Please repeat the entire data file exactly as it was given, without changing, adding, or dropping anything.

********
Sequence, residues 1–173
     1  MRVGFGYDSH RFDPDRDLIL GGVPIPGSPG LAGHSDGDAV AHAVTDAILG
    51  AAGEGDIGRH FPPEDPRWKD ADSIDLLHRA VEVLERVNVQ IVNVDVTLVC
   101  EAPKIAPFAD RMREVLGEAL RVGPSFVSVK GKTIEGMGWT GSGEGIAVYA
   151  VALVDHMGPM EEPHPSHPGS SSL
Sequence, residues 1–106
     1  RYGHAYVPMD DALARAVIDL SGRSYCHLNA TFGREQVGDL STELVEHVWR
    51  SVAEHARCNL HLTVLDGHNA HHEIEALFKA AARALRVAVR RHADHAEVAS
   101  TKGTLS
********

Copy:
Sequence, residues 1–173
     1  MRVGFGYDSH RFDPDRDLIL GGVPIPGSPG LAGHSDGDAV AHAVTDAILG
    51  AAGEGDIGRH FPPEDPRWKD ADSIDLLHRA VEVLERVNVQ IVNVDVTLVC
   101  EAPKIAPFAD RMREVLGEAL RVGPSFVSVK GKTIEGMGWT GSGEGIAVYA
   151  VALVDHMGPM EEPHPSHPGS SSL
Sequence, residues 1–106
     1  RYGHAYVPMD DALARAVIDL SGRSYCHLNA TFGREQVGDL STELVEHVWR
    51  SVAEHARCNL HLTVLDGHNA HHEIEALFKA AARALRVAVR RHADHAEVAS
   101  TKGTLS